All countries in the globe, had taken initiatives to implement an integrated Electronic Health Record (EHR) system in their public health system either locally or nationwide. However, the aim has not yet been fully realised. The efforts are actively progressing towards finding the best approach in implementing integrated LHR on all levels of public healthcare facilities. Every stage of the development of the LHR initiatives had presented peculiar challenges. The best lessons are those of someone else’s experiences. This chapter presents an overview of the development approaches to be undertaken in developing countries in implementing a national LHR in the public health system. The major challenges elicited from the review, including integration efforts, process reengineering, funding, people and law regulation are to be considered. If suitable, this chapter will provide guidance for best practices to implement the LHR for developing nations.

This LHR is expected toaid rehabilitation by maintaining health record of the human subjects,predictingvarious abnormality well in ahead and suggest health tips which are easily adaptable, hence avoid any sudden /unexpecteddegradation of health.

Widespread adoption of LHR has the potential to help consumers and patients manage their own health, help doctors and hospitals to immediately gather relevant information to best treat an individual patient, improve tracking of chronic disease management, and provide for early detection of infectious disease outbreaks around the country.LHR also provide:

  • Cognitive support for healthcare professionals and patients to help integrate patient specific data where possible and account for any uncertainties that remain. Help healthcare professionals to help integrate evidence-based practice guidelines and research results into daily practice.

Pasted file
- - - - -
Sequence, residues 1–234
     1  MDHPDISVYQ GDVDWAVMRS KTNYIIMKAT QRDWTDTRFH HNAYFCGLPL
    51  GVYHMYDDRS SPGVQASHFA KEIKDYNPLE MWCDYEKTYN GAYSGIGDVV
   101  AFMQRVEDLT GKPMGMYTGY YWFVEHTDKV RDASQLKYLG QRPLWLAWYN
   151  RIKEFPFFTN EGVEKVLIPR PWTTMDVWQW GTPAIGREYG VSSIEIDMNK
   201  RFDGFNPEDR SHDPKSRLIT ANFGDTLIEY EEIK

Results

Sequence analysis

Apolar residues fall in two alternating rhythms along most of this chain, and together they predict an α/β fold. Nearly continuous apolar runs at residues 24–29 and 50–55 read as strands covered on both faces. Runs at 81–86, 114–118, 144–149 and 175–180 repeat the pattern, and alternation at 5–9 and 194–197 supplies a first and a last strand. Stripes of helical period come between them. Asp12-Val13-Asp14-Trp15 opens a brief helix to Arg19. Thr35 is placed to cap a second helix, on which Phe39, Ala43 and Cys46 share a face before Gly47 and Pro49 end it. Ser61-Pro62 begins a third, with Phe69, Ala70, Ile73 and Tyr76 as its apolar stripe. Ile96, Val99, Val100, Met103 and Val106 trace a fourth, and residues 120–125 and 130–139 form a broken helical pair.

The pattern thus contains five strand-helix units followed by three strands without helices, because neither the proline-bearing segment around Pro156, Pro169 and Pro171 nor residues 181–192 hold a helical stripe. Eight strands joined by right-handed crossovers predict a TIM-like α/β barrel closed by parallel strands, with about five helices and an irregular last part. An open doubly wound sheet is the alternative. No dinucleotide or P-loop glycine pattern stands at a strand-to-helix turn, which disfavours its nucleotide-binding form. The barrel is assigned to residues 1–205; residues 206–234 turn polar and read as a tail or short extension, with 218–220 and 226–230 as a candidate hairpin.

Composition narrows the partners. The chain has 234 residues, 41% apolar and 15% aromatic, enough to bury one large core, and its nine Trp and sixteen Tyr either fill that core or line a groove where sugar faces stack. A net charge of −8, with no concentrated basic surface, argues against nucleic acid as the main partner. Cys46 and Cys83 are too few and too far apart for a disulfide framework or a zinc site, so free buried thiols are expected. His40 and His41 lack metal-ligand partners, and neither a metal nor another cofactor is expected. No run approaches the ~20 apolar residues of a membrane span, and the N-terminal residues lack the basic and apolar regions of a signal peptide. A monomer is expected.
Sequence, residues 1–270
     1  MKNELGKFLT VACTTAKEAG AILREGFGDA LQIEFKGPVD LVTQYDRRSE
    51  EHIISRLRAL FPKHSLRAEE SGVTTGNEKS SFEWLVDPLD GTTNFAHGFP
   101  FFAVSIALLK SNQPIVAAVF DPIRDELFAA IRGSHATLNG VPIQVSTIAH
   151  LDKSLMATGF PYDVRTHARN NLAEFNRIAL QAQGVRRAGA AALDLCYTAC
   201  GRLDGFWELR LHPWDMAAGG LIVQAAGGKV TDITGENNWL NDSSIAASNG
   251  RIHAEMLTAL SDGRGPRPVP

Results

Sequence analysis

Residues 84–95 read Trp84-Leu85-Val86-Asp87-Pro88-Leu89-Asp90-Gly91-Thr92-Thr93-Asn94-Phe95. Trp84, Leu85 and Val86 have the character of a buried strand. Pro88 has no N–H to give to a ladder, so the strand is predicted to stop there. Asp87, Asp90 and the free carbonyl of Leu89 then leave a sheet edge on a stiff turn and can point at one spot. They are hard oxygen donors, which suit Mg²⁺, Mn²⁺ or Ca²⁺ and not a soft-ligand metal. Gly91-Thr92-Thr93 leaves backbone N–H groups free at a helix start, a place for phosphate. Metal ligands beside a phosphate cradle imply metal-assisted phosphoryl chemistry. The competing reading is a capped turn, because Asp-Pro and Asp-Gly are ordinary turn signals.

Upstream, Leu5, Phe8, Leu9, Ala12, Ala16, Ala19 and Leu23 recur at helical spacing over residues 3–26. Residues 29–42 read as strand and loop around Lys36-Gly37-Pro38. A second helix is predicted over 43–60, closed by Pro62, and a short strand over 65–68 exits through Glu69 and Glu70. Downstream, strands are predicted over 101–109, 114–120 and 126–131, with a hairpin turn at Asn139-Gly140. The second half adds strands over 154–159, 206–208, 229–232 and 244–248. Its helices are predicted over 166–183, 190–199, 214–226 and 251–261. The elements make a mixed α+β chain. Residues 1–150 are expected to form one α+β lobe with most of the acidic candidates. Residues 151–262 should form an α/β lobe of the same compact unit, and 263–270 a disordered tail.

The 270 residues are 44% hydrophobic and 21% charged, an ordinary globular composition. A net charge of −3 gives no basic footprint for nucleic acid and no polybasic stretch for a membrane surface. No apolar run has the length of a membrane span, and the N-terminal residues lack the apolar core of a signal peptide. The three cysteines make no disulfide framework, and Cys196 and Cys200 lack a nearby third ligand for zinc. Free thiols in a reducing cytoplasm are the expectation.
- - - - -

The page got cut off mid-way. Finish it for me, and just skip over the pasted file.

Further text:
• Instruments that allow providers to manage a portfolio of patients and highlight problems as they arise within both individual patients and populations.

  • Rapid integration of new instrumentation, biological knowledge, treatment modalities, etc., into a “learning” healthcare system that encourages early adoptionof promising methods but also analyzes all patient experience as experimental data.

  • Accommodation of growing heterogeneity of locales for provision of care, including home instrumentation for monitoring and treatment, lifestyle integration, and remoteassistance.

  • Empowerment of patients and their families in effective management of healthcare decisions and execution, including personal health records (as contrasted to medical records held by care providers), education about the individual’s conditions and options, and support of timely and focused communication with professional

Some telemedicine systems set up at high cost are lying unused due to lack of technical skill in handling. Today most PHCs have the basic infrastructure, including a personal computer, and a little additional investment on Web camera, speaker and Internet connection is all that is required. Using simple computer system based health portal, doctors at a remote location can view the specialist and share medical data. The patient can also interact with the specialist. It operates on any available connectivity. The twin option of store and forward, and real time consultation, gives the physician at one end the opportunity to raise his doubts, and the specialist at the other end, the flexibility to answer queries later, if both are not free at the same time. The platform also offers a multi-specialty telemedicine software solution, and is designed to enable quick and easy creation of telemedicine referrals.

The data in Electronic Medical Records prepared in this way is archivedin a structured fashion. Further, the progressive medical history of the patient can be maintained. ECGs (electro cardiogram), X rays and other scanned diagnostic images can also be stored and viewed both by patient/remote hospital/ primary health centre as well as the super speciality hospital to facilitate better diagnosis. The audio-video exchange helps specialists talk to patients in remote locations. The specialist at a tertiary care hospital can make a better assessment of a patient's condition. The audio-video interface happens in real time and saves time on patient care despite distances.All the data sits on a central server.

3. Conventional approach to electronic health records